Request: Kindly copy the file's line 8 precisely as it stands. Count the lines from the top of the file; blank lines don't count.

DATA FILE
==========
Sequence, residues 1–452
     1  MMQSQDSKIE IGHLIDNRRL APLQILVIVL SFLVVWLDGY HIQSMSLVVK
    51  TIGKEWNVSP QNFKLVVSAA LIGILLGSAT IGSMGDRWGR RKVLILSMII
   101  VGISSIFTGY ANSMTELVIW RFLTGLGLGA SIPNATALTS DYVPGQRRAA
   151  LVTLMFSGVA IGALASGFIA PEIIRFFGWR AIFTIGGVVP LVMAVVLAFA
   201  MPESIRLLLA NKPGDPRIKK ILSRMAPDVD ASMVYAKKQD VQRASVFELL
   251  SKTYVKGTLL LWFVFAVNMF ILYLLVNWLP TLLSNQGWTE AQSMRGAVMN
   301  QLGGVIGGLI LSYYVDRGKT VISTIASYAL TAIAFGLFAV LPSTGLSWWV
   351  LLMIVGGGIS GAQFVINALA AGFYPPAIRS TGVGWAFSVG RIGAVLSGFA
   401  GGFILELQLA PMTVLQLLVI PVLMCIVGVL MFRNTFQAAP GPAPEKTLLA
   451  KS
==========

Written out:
   301  QLGGVIGGLI LSYYVDRGKT VISTIASYAL TAIAFGLFAV LPSTGLSWWV